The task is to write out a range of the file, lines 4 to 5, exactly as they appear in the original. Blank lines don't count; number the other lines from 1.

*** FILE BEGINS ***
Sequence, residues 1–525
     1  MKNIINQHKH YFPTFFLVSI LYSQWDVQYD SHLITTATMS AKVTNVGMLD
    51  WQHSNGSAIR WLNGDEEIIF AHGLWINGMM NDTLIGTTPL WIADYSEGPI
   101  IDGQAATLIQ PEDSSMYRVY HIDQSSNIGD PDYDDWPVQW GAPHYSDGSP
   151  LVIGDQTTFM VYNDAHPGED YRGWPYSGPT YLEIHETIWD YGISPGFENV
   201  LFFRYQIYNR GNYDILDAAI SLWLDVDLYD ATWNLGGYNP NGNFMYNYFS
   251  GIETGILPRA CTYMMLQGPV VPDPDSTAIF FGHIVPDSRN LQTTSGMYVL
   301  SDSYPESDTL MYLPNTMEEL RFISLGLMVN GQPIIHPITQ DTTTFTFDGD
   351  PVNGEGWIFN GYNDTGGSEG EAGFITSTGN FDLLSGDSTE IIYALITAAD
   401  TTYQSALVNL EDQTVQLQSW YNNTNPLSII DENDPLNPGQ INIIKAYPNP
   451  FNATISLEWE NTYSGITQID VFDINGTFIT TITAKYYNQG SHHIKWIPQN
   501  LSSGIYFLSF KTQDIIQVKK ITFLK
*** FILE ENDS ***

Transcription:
   101  IDGQAATLIQ PEDSSMYRVY HIDQSSNIGD PDYDDWPVQW GAPHYSDGSP
   151  LVIGDQTTFM VYNDAHPGED YRGWPYSGPT YLEIHETIWD YGISPGFENV